It is in fact very difficult to develop an unbiased method for recording observations even before one can do any analyses on the data set. Garbage in garbage out, so to say.

As part of a more rigorous approach, I recommend noting the difference between country music, western music, and country-western music. Country is more hearth and home (Johnny Cash), western is about the Old West (Marty Robbins), so people who like those aren't really the problem.

Country western is crying in your beer over the wife leaving you because of the dent you put in the truck when you ran over your dog. None of the people who like country western have ever ridden a horse, but they all wear pointy boots and a cowboy hat, which should make pattern recognition easier. Now if we could only figure out how to identify the bagpipe players....

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13 hours ago, Phi for All said:

Now if we could only figure out how to identify the bagpipe players....

They play bagpipes.

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2 hours ago, John Cuthber said:

They play bagpipes.

If you can't avoid that event horizon, it's too late for you. The law should require them to wear kilts.

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Bagpipe players in the subway have always bothered me. But bagpipe players in the subway doing a headstand are even worse.

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From a statistical perspective, your personal observations are anecdotes. That is not to say they are "wrong", but they are biased by your own personal predilections, where you personally travel, your habits, etc and so on. That is to say, that the observations of one individual, be it you or anyone else do not generate a representative sample.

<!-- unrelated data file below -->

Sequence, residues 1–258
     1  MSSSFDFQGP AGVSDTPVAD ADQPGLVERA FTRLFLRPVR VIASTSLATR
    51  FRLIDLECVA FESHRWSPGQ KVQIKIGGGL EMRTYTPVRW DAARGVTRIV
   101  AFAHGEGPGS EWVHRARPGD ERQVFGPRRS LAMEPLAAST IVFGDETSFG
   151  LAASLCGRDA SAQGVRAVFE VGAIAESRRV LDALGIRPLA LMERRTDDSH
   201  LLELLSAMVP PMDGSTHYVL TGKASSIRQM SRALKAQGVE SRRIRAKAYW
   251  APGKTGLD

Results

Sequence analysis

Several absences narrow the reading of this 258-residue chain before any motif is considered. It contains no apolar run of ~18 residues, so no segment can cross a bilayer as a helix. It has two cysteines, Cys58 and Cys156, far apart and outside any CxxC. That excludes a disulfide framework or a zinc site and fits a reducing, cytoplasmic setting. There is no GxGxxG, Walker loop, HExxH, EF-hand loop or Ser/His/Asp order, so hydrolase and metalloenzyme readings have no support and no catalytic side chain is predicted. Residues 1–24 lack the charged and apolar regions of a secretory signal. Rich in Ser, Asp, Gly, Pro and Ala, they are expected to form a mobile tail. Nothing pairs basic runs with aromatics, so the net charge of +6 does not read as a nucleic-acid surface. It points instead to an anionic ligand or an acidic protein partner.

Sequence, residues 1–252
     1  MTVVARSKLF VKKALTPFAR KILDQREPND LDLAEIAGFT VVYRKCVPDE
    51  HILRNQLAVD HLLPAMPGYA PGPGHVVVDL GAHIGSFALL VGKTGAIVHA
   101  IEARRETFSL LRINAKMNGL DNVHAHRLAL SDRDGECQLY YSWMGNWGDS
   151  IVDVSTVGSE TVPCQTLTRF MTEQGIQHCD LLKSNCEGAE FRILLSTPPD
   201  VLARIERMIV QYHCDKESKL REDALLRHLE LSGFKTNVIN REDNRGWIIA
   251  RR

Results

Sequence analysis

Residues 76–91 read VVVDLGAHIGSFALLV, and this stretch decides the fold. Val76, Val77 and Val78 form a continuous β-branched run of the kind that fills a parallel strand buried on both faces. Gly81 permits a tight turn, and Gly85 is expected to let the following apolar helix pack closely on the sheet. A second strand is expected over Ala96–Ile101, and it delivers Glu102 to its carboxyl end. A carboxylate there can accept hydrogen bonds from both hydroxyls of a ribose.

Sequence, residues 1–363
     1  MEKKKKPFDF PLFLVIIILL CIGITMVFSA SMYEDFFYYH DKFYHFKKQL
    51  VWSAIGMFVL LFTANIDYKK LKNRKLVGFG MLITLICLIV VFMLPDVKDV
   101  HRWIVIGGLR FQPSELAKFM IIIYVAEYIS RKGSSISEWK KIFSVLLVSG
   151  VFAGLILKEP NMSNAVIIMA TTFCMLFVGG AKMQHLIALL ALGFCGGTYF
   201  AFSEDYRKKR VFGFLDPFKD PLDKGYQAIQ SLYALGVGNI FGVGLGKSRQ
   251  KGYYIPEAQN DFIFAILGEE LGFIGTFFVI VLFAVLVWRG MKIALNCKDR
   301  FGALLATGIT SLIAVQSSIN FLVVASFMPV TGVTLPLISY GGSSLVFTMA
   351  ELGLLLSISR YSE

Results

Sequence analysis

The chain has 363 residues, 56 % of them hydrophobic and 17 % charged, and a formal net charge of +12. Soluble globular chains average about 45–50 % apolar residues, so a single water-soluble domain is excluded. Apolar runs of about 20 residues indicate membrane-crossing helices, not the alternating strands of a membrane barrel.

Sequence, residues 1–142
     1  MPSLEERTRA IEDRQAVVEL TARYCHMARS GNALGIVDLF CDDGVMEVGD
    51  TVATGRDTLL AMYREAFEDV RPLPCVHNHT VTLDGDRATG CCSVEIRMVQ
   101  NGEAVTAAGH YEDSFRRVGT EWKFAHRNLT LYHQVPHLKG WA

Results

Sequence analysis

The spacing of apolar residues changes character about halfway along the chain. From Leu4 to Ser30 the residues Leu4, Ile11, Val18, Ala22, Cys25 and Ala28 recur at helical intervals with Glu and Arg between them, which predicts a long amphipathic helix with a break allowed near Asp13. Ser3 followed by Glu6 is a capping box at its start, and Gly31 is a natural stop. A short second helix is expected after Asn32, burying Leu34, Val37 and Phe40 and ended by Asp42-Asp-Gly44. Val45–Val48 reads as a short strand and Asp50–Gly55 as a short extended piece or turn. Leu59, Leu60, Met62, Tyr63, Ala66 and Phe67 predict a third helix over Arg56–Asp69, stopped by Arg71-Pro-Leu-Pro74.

Non-representative sampling is statistically worthless. Further, purely correlative sampling is of limited worth - for a famous example, the increase in global temperature correlates with the decrease in the prevalence of pirates. 

I would say that using anecdotes about physical appearance to predict people's behavior would lead to a high degree of false positive and false negative results -and also a great way to amplify one's predilection for bigotry.

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6 hours ago, Phi for All said:

If you can't avoid that event horizon, it's too late for you. The law should require them to wear kilts.

This one has warning lights

 

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Looks like he might have set his hair on fire a couple of times, and had to trim it back.

Besides, if you wanna hear some AC/DC pipe music you should listen to 'It's a Long Way to the Top ( if you wanna rock and roll )'.
'Thunderstruck' is stripper music ( so I've been told ).
 

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14 hours ago, MigL said:

Thunderstruck' is stripper music ( so I've been told ).

I hope nobody tells that to the busker.

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Using pattern recognition to identify and treat sick people, is probably a better way to phrase this.

Bad is quite the strangest term to apply to an individual. I blame whatever maladaptive family and support culture they came from. Genetics has it's role in determining certain aspects of disposition in life, most individuals of most dispositions, given intervention and guidance can find moral functionalism somewhere in this wide world and wellbeing and security along with that. I don't care what anyone says, I want my surgeons to be at least a little bit sociopathic. Their hands don't shake. Same with dentists, but be punctual, if you are late they can be a little sadistic with even a simple cleaning. Learned that one the hard way!

 

On 9/18/2020 at 9:32 PM, MigL said:

Looks like he might have set his hair on fire a couple of times, and had to trim it back.

Besides, if you wanna hear some AC/DC pipe music you should listen to 'It's a Long Way to the Top ( if you wanna rock and roll )'.
'Thunderstruck' is stripper music ( so I've been told ).
 

Damn.... I must be a male stripper then... I could probably make it work. I fire spin!